…in England? The question is posed.
The idealistic answer is yes—And yes without any doubt in England, where secularism is much further advanced than here, although one might ask whether, for just that reason, it might not be worth trying to broaden the party into a broader Christian Alliance Party. The answer is yes in the United States, too: It would be splendid to have a party that sought to bring public policy into harmony with all the Church’s teachings to the extent Constitutionally permissable. A party that advanced what Joseph Cardinal Bernardin called the seamless garment or “consistent ethic of life”—all the Church’s teaching, not just policies that comport with some of it and others that clash. (I am aware, of course, that the seamless garment was hijacked as a vehicle for minimizing issues disfavored by liberals, but Card. Bernardin was not wrong in what he said, even if Joseph Cardinal Ratzinger was right that some issue are more pressing than others.)
The biggest challenge for a Catholic political party, I should think, would be that even if there was universal agreement on doctrinal principles—in other words, if we could wave our hand and the scales would fall from the eyes of those who dissent on various issues, whether right or left—the line from doctrinal principle to public policy does not run straight and clear, and there would still be legitimate disagreement on how to operationalize our principles. Cf. Gaudium et Spes, no. 76 (2d Vat. Council, 1965), but see also Octogesima adveniens, no. 42 (Paul VI, 1971); Pacem in terris, no. 160 ¶ 2 (John XXII, 1963).
It does not follow, for example, that because the Church teaches that one may not use birth control, CCC ¶¶ 2370 et seq.; see generally Humanæ Vitæ (Paul VI, 1968), that a Catholic Party must insist on making contraceptives illegal. I would think that in a properly liberal and tolerant society, a Catholic party could take the position that government should neither promote nor ban contraceptives. It is a legitimate position to say that while Government may not actively promote or favor immoral or sinful behavior, it may be neutral toward it, to the extent that that is possible and when it doesn’t harm third parties. In other words, the state doesn’t regulate your relationship with salvation, but it doesn’t require other people to pay for your choices. But I don’t know that everyone shares my view on that, and it’s a debate that would play out across a broad range of issues were one to form a Catholic party and frame a platform for it.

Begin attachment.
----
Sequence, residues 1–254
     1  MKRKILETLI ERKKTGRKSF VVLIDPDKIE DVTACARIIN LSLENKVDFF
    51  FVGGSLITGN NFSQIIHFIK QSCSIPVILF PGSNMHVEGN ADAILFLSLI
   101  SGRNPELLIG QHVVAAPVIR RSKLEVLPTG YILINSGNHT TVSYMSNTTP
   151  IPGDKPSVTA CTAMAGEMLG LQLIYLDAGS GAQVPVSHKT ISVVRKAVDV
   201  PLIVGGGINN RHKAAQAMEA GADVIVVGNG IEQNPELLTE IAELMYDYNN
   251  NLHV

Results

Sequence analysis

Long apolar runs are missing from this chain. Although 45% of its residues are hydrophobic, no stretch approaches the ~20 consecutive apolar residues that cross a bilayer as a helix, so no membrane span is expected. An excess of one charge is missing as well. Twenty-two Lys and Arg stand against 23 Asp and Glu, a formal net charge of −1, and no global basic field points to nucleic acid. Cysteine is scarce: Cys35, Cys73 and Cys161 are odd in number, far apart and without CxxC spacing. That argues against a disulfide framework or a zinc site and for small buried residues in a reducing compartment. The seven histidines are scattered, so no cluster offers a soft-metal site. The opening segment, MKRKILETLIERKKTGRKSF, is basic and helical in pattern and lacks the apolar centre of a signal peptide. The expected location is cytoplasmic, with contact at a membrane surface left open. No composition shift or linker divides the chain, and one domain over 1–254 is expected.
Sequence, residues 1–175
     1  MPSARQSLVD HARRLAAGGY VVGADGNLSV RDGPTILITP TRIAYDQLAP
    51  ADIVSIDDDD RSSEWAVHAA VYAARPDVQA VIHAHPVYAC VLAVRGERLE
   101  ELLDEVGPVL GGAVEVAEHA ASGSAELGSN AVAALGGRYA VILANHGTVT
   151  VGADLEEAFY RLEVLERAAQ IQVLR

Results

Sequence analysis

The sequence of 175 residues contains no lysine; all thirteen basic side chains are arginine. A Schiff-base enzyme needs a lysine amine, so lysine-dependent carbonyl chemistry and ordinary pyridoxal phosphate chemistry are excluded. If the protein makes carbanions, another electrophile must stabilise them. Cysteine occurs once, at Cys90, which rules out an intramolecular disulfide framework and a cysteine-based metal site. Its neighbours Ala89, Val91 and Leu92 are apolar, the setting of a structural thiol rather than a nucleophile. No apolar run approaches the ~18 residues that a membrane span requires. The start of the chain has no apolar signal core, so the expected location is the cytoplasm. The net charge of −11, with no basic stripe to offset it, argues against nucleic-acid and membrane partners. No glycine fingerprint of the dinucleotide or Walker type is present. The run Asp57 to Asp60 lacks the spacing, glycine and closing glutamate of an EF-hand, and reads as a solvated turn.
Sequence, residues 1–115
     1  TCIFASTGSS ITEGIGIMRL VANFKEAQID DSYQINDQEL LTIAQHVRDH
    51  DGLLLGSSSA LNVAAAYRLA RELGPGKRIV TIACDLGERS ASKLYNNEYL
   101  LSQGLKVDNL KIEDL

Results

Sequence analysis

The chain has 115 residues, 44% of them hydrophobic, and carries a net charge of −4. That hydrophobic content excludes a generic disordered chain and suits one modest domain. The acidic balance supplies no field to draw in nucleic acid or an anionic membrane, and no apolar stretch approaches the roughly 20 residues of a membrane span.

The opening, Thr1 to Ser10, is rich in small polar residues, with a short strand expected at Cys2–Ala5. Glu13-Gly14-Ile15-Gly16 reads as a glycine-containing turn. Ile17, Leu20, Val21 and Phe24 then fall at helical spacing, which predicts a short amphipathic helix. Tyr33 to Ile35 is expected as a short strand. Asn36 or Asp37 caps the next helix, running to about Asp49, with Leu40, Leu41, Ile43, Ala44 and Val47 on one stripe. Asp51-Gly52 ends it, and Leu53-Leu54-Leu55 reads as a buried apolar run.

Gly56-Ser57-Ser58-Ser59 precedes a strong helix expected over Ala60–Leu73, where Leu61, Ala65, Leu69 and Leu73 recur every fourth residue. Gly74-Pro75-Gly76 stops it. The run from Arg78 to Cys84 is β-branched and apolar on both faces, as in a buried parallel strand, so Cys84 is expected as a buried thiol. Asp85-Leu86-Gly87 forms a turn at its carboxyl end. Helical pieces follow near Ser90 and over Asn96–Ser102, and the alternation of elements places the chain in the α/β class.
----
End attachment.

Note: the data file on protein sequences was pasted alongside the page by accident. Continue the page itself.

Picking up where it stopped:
Similarly, while a Catholic party in the United States today would have to oppose the death penalty, CCC ¶ 2267; Evangelium vitae, no. 56 (John Paul II, 1995), it does not follow that the party must take a “by any means necessary” approach, sinking resources into Constitutional amendments or using policy to indirectly strangle the death penalty into practical desuetude. And while I would suppose that a Catholic governor or President would be obliged as a matter of individual conscience to commute any death sentences over which he had clemency authority, it does not follow that this must be a corporate commitment or platform plank of the party.
So there are some pretty serious challenges that would make it difficult to have such a thing, but it’s a nice dream.